Tuesday, November 13, 2007

Questions about the strike

I kept asking people this on the picket line yesterday and nobody knew a complete answer so I'm going to post it here and see what people think.

Best Week Ever and The Soup are still on the air. Why? Best Week Ever ignored the strike completely this week, but The Soup's Joel McHale mentioned twice that the producers should cough up residuals so the writers could go back to work, so clearly he supports the strike. But he's at work. I don't get it.

Myspace is holding some kind of short film contest. A guy emailed me yesterday asking me to vote for his movie which mocks reality television. He says it's a way for him to support the strike because if he wins he'll forgo the development deal that may come with the prize, and in the meantime he's poking fun at the networks.

I'm not really sure how his winning a contest is a boon for striking writers. I think the guy may be trying to make himself feel less like a scab if he wins. Which brings me to my next question, is that scab work? If you have a finished film and you sell it to a studio, does that qualify as crossing the line? It's not writing work, it's selling a completed piece of work. Then again, it is filling time for the networks.

I know the Disney people have worked out the kinks in their fellowship, but what about other contests? What if a contest includes a development deal or a studio first look as a prize? What happens to the winners now? Does the prize get put on hold until the strike is over or do you have to become a scab to claim your winnings?

And what about Ellen? From what I gather about the situation she's in a hell of a bind. She's a member of both the WGA and AFTRA and while WGA expects her to strike AFTRA has a no-strike clause in her contract. So how can she possibly do the right thing?

There are many topics. Discuss.

EDIT: For more info on The Soup and Best Week Ever in relation to the strike, go here.


  1. Those are great questions. I will check back in case someone comes by with some good answers.

    I love both Ellen and The Soup, but I feel duty bound not to watch them right now.

  2. Good questions indeed. Unfortunately I don't have answers ... rather I have an additional question :)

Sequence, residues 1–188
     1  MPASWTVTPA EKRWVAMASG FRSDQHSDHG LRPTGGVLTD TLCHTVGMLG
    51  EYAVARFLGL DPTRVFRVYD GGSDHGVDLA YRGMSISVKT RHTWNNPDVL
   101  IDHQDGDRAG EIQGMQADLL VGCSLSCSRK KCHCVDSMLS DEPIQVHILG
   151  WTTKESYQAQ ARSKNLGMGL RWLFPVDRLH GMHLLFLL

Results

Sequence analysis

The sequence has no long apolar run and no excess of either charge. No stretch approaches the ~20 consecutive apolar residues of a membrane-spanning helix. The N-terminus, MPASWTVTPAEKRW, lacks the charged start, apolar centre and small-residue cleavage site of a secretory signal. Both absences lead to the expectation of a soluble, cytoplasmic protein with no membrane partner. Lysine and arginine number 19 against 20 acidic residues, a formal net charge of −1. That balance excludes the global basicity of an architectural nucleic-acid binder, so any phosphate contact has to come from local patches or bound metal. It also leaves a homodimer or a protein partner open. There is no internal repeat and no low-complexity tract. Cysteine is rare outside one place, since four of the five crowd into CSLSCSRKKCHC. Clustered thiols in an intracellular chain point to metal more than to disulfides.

I am not a member of any guild, nor am I a working professional in the entertainment industry . . . yet ;)

    So is it wrong for me to continue working on my scripts as long as I don't intend to do anything with them until the strike is resolved?

  3. My guess is that they are non-guild shows. I know many cable nets are not guild signatory. A friend of mine who I ran into on the lines the other day has written for a ton of sitcoms, and is currently doing a show that is soon to air on Comedy Central, but he said he can keep working on it because it isn't a guild show. Similarly the older former producer I met on the lines told me his son works for BET, and that they too are non-guild signatory.

    It's just my guess, but ti would make sense.

  4. It's a writer's strike. Not everyone in Hollywood is a writer.

    Many shows are still in production. Shooting episodes of scripts that have been written that won't be aired until some time in March or even later.

    Talk Soup... does it really need writers? It shows clips of Talk Shows and makes remarks on them. I'm not belittling the writers... my point is the format of the show works even without super witty comebacks. The Talk Show clips are innately funny by themselves.

    "I am not a member of any guild, nor am I a working professional in the entertainment industry . . . yet ;)

    So is it wrong for me to continue working on my scripts as long as I don't intend to do anything with them until the strike is resolved?"

    Short answer: No.

    Long Answer: No. Why would you even think it does? You aren't selling your writing. You don't belong to the guild.

    The place where you'll have to watch yourself is if someone actually WANTS to BUY your writing (or PAY you for it).